On June 19, the White House held a summit conference on Opioids, hosted by Office of National Drug Control Policy Acting Director Michael Botticelli. Calling the opioid problem in America an epidemic, Mr. Botticelli—himself a recovering alcoholic—introduced Attorney General Eric Holderer and Vermont Governor Peter Shumlin, who discussed possibilities for new ways to view drug addiction and offered their thoughts on how policy changes could be effected that could stem the tide of drug abuse.
Among the items discussed was the potential for saving lives with the drug naloxone, which can reverse the effects of an opiate overdose and prevent respiratory arrest. Statistics were given indicating a fourfold increase since 1999 in annual deaths attributable to prescription pain medications (twofold for heroin). Doctor Nora Volkow, Nora D. Volkow, M.D., Director of the National Institute on Drug Abuse, gave a brief talk on the latest research into addiction.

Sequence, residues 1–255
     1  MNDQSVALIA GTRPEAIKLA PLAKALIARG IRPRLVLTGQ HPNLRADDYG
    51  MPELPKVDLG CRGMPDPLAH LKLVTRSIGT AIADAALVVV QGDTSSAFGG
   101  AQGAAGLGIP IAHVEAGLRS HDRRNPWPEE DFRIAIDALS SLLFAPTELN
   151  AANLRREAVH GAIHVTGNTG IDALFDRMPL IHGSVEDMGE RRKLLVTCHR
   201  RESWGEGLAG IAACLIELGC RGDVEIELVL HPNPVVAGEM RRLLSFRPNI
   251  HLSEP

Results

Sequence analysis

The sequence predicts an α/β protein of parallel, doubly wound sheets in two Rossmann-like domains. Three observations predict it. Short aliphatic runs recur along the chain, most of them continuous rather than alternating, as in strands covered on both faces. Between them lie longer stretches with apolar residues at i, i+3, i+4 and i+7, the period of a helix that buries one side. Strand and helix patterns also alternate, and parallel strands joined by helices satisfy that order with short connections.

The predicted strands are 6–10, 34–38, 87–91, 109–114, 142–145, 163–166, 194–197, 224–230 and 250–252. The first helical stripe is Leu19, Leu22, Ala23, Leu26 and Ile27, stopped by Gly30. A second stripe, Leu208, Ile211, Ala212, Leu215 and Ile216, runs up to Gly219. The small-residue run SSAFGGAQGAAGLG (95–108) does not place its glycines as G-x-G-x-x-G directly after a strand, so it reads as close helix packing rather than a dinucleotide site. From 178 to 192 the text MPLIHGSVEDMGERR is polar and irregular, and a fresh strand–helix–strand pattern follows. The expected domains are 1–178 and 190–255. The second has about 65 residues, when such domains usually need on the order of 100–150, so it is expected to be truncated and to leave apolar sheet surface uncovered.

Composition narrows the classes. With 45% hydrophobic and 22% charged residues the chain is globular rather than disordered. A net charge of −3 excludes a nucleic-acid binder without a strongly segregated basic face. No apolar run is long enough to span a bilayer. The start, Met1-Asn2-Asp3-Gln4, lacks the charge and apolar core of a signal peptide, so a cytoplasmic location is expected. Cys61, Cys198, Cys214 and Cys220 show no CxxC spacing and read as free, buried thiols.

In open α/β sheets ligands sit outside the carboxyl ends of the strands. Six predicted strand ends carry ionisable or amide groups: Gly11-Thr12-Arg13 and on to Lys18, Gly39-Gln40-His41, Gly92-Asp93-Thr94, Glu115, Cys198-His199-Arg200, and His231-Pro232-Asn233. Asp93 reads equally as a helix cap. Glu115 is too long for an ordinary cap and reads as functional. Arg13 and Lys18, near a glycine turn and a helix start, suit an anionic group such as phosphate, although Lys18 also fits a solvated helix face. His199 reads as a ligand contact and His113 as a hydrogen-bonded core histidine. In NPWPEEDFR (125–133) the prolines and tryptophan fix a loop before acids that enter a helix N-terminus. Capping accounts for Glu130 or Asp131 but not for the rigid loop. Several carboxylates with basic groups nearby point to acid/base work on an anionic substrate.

To watch videos of the presentations, click on the following links:
- Opening Session
- Rx Drug and Heroin Epidemic in the States
Robert Morrison, Executive Director, National Association of State Alcohol and Drug Abuse Directors (NASADAD)
- Panel I – Prevention, Intervention and Treatment
Dr. Hillary Kunins, Acting Executive Deputy Commissioner, Division of Mental Hygiene, Assisting Commissioner for the Bureau of Alcohol and Drug Use, New York City Department of Health and Mental Hygiene (DOHMH); Dr. Traci Green, Assistant Professor of Emergency Medicine and Epidemiology, Brown University; Dr. Josh Sharfstein, Secretary, Maryland Department of Health and Mental Hygiene
- Panel II: Overdose and Infectious Disease Prevention
Nancy Hale, Program Director, Operation UNITE; Dr. Michelle Lofwall, Associate Professor, Departments of Psychiatry and Behavioral Science, Center on Drug and Alcohol Research, University of Kentucky College of Medicine; Dr. Ed Bernstein, Professor and Vice Chair for Academic Affairs, Emergency Medicine, Boston University School of Medicine
- Addiction Research
Nora D. Volkow, M.D., Director of the National Institute on Drug Abuse